Check out important moments in queer history with these selected UC Press titles.


After Silence: A History of AIDS through Its Images
By Avram Finkelstein, available this November, pre-order now

After Silence is an important contribution to the history of AIDS activism. It tells the personal story of a key designer of a crucial political movement and demystifies how design decisions are made amidst political crisis. Compelling and potentially empowering to future visual activists.”—Sarah Schulman, author of The Gentrification of the Mind

Early in the 1980s AIDS epidemic, six gay activists created one of the most iconic and lasting images that would come to symbolize a movement: a protest poster of a pink triangle with the words “Silence = Death.” The graphic and the slogan still resonate today, often used—and misused—to brand the entire movement. Cofounder of the collective Silence = Death and member of the art collective Gran Fury, Avram Finkelstein tells the story of how his work and other protest artwork associated with the early years of the pandemic were created. In writing about art and AIDS activism, the formation of collectives, and the political process, Finkelstein reveals a different side of the traditional HIV/AIDS history, told twenty-five years later, and offers a creative toolbox for those who want to learn how to save lives through activism and making art.

Has the Gay Movement Failed?
By Martin Duberman, forthcoming June 2018

“Martin Duberman gets to the heart of what has gone wrong with the LGBT movement and why it has not fought for—or has even impeded—a comprehensive vision of freedom for everyone. Has the Gay Movement Failed? is his most challenging, provocative, and visionary book to date. An imperative read for anyone interested in a truly liberated queer future.”—Michael Bronski, author of A Queer History of the United States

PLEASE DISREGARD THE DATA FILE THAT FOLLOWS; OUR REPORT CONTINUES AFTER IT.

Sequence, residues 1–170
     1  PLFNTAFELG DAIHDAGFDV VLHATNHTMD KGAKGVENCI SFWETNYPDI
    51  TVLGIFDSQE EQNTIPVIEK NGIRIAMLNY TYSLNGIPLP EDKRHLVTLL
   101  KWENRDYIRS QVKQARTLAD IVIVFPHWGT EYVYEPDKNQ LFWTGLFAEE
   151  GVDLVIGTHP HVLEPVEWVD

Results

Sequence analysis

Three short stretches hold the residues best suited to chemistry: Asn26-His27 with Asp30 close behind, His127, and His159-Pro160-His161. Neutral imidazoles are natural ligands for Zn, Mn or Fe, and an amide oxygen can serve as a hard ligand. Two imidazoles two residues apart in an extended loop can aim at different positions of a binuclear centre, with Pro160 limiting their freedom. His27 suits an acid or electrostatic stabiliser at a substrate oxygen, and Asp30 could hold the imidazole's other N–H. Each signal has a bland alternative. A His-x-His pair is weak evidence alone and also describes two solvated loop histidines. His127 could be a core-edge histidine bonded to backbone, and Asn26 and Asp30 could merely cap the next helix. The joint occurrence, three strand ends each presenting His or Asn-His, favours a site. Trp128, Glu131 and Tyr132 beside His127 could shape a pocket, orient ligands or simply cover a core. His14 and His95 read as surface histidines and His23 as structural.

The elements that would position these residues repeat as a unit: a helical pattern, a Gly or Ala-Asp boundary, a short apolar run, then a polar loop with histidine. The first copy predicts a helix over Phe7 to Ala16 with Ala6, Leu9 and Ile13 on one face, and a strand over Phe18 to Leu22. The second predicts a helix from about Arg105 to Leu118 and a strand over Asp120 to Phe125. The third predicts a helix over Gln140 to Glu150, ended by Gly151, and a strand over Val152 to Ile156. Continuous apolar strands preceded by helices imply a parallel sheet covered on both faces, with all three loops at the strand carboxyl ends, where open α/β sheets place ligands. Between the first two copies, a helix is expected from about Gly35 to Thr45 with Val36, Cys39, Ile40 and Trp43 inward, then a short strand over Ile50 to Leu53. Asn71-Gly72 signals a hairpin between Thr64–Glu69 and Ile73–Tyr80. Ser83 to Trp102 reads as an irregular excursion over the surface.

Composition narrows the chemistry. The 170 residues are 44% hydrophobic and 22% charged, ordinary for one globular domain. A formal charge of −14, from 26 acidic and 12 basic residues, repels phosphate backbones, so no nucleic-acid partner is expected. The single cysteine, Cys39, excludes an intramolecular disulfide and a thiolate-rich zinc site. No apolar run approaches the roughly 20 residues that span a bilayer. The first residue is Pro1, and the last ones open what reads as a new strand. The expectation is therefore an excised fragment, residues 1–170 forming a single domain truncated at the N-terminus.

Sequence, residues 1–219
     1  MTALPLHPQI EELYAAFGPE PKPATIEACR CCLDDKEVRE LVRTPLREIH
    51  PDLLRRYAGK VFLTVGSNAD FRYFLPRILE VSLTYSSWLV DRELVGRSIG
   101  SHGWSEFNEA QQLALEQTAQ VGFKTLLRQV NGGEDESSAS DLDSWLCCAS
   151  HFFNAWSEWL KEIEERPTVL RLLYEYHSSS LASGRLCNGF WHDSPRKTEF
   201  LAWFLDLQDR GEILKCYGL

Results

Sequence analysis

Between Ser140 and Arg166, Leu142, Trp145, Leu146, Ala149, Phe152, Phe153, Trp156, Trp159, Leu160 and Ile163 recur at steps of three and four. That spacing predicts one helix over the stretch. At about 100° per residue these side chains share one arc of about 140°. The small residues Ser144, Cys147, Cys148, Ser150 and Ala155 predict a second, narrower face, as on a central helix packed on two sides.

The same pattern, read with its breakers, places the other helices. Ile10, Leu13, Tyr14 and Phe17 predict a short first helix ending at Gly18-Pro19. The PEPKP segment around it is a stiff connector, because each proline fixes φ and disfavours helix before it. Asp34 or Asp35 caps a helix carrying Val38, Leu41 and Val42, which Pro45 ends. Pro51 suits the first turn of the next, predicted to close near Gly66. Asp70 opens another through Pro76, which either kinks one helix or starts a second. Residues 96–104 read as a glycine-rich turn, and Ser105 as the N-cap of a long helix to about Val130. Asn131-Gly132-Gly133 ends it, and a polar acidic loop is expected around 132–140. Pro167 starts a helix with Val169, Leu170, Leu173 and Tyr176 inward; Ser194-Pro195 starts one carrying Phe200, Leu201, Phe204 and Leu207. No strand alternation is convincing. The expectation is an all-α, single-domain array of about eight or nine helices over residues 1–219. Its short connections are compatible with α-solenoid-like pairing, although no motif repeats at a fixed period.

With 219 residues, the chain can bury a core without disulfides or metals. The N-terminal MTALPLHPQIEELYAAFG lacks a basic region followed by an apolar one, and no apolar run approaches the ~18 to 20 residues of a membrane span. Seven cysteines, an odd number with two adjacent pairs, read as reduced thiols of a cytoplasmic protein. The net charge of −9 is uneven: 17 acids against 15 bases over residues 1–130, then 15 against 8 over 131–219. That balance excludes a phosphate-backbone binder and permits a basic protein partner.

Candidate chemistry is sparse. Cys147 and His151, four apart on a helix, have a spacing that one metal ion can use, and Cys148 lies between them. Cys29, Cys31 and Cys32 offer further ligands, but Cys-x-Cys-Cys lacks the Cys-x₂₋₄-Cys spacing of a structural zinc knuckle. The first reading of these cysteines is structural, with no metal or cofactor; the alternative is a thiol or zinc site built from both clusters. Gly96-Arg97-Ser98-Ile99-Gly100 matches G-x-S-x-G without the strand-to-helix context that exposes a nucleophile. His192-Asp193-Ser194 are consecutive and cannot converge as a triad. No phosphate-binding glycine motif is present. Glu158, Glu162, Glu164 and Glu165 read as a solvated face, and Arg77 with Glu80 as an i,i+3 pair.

The past fifty years have marked significant shifts in attitude toward and acceptance of LGBTQ people in the United States and the West. Yet the extent of this progress, argues Martin Duberman, has been more broad and conservative than deep and transformative. One of the most renowned historians of the American left and LGBTQ movement, as well as a pioneering social justice activist, Duberman reviews the fifty years since Stonewall with an immediacy and rigor that informs and energizes. He relives the early gay movement’s progressive vision for society as a whole and puts the Left on notice as having continuously failed to embrace the queer potential for social transformation. He acknowledges successes as some of the most discriminatory policies that plagued earlier generations were eliminated but highlights the costs as radical goals were sidelined for more normative inclusion. Illuminating the fault lines both within and beyond the movements of the past and today, this critical book is also hopeful: Duberman urges us to learn from this history to fight for a truly inclusive and expansive society.

Trans: A Quick and Quirky Account of Gender Variability
By Jack Halberstam, e-book available now